New data from UK Finance shows that gross mortgage lending fell in September on a yearly basis.
Across the residential market, £21.5bn was lent out during the month, as compared to the £21.8bn noted in September 2017 – a fall of 1.2 per cent.
Last month, this figure stood at £24.4bn, meaning that today’s figure equates to a monthly fall of nearly 12 per cent.
The data release also shows that the number of purchase approved by in September fell 10.1 per cent on a yearly basis, from 41,529 to 37,352, while the number of remortgage approvals dropped 7.4 per cent across the year, from 29,899 to 27,676.
On a monthly basis, home purchase approvals fell 12.2 per cent, from 42,581 in August, and remortgages were down 14.7 per cent, from 32,457.
Foundation Home Loans marketing director Jeff Knight comments: “The market may seem fairly flat on the face of it, as households continue to be squeezed by inflation and perplexed by market uncertainty. That said, as we head into the winter months viewings and finance applications may increase as prospective buyers prepare to make final decisions. For sellers, it’ll be a case of accepting offers this side of the year, to avoid the market grounding to a complete stand still.”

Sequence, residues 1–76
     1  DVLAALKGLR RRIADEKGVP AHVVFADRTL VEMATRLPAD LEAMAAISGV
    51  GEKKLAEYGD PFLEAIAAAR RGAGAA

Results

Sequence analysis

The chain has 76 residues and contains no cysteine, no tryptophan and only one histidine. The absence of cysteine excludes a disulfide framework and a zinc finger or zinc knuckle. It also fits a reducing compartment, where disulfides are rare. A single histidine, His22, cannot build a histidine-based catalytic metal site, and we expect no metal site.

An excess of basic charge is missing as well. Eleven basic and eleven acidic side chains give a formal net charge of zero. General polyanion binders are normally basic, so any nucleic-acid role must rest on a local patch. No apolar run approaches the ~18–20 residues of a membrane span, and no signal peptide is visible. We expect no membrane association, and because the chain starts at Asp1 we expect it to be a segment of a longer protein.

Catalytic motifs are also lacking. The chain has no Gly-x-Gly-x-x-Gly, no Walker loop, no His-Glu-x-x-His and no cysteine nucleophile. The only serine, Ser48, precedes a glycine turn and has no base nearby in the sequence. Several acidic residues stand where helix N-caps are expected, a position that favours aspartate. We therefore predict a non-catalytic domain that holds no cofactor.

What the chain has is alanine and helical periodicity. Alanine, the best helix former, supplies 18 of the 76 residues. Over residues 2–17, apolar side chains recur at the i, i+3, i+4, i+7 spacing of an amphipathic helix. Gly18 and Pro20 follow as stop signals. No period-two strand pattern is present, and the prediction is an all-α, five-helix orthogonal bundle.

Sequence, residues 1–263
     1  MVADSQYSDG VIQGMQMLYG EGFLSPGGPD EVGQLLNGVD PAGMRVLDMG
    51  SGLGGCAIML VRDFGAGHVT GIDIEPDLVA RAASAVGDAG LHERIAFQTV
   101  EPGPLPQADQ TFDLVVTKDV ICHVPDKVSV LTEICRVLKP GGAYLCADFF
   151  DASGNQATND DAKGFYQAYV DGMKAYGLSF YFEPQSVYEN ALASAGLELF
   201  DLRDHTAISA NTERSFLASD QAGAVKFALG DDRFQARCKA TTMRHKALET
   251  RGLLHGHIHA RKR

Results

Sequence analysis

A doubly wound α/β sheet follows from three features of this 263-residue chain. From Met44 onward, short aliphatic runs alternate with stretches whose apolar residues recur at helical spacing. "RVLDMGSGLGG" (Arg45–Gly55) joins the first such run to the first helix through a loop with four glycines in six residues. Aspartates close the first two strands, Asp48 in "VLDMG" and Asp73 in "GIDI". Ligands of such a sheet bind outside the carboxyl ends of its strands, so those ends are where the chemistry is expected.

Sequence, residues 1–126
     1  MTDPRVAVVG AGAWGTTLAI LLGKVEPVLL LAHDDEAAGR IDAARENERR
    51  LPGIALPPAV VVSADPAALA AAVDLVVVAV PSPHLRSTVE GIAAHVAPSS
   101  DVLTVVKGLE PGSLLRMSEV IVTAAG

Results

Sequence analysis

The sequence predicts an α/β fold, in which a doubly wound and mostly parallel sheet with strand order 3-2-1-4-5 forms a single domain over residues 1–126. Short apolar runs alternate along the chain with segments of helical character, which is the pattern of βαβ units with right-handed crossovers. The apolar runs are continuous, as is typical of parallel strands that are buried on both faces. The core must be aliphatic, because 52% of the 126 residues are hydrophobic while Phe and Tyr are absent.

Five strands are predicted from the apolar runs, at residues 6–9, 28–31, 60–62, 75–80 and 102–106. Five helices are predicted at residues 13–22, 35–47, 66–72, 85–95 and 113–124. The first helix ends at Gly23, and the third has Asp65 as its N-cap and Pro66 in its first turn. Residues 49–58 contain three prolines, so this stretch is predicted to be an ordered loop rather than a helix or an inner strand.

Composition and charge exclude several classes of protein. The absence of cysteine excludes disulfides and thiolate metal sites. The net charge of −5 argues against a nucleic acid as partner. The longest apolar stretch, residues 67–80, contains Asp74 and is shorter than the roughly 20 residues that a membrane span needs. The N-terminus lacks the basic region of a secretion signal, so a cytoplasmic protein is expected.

SPF Private Clients chief executive Mark Harris adds: “’This softening of the mortgage market in September comes as no great surprise as Brexit uncertainty is causing a number of borrowers to defer making decisions. As soon as we have a definite deal, whatever that may look like, we expect to see a bounce as people finally make the decisions they have been deferring.”
Phoebus Software managing director Paul Hunt says: “To say we are heading into choppy waters is probably an understatement as the politics surrounding Brexit negotiations continue to cast doubt in people’s minds.
However, with mortgage lenders having quotas to fill and targets to hit, we could see a raft of deals coming to market to tempt.”
Meanwhile, Just Mortgages and Spicerhaart group operations director John Phillips says: “These figures suggest that the current political uncertainty is continuing to have a negative impact on the housing market while the upcoming Budget – which may include further housing incentives – may also be a factor in why things have slowed down.
The fact remortgaging has dropped, however, is the main difference here as house purchase figures have been falling for a while. There was a flurry of remortgage activity in the months preceding the recent rise, so the fact remortgage is down, is likely to do with that more than any marked trend.”